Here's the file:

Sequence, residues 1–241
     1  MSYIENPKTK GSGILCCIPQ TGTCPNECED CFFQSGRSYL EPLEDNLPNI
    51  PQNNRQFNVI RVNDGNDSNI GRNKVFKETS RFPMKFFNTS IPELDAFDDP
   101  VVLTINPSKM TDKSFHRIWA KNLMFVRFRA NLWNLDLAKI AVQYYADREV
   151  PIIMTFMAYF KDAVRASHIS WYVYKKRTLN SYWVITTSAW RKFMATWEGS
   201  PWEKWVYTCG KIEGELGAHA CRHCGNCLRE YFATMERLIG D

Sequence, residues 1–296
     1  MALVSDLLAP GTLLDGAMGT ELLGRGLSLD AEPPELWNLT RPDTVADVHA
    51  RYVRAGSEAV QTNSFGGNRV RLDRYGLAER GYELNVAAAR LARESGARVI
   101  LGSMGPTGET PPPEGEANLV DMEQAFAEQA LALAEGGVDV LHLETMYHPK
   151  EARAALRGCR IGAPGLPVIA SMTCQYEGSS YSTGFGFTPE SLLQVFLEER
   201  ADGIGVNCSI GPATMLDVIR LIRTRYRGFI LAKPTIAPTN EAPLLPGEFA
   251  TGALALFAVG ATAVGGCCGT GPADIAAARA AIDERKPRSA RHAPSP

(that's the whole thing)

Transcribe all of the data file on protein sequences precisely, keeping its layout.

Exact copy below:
Sequence, residues 1–241
     1  MSYIENPKTK GSGILCCIPQ TGTCPNECED CFFQSGRSYL EPLEDNLPNI
    51  PQNNRQFNVI RVNDGNDSNI GRNKVFKETS RFPMKFFNTS IPELDAFDDP
   101  VVLTINPSKM TDKSFHRIWA KNLMFVRFRA NLWNLDLAKI AVQYYADREV
   151  PIIMTFMAYF KDAVRASHIS WYVYKKRTLN SYWVITTSAW RKFMATWEGS
   201  PWEKWVYTCG KIEGELGAHA CRHCGNCLRE YFATMERLIG D

Sequence, residues 1–296
     1  MALVSDLLAP GTLLDGAMGT ELLGRGLSLD AEPPELWNLT RPDTVADVHA
    51  RYVRAGSEAV QTNSFGGNRV RLDRYGLAER GYELNVAAAR LARESGARVI
   101  LGSMGPTGET PPPEGEANLV DMEQAFAEQA LALAEGGVDV LHLETMYHPK
   151  EARAALRGCR IGAPGLPVIA SMTCQYEGSS YSTGFGFTPE SLLQVFLEER
   201  ADGIGVNCSI GPATMLDVIR LIRTRYRGFI LAKPTIAPTN EAPLLPGEFA
   251  TGALALFAVG ATAVGGCCGT GPADIAAARA AIDERKPRSA RHAPSP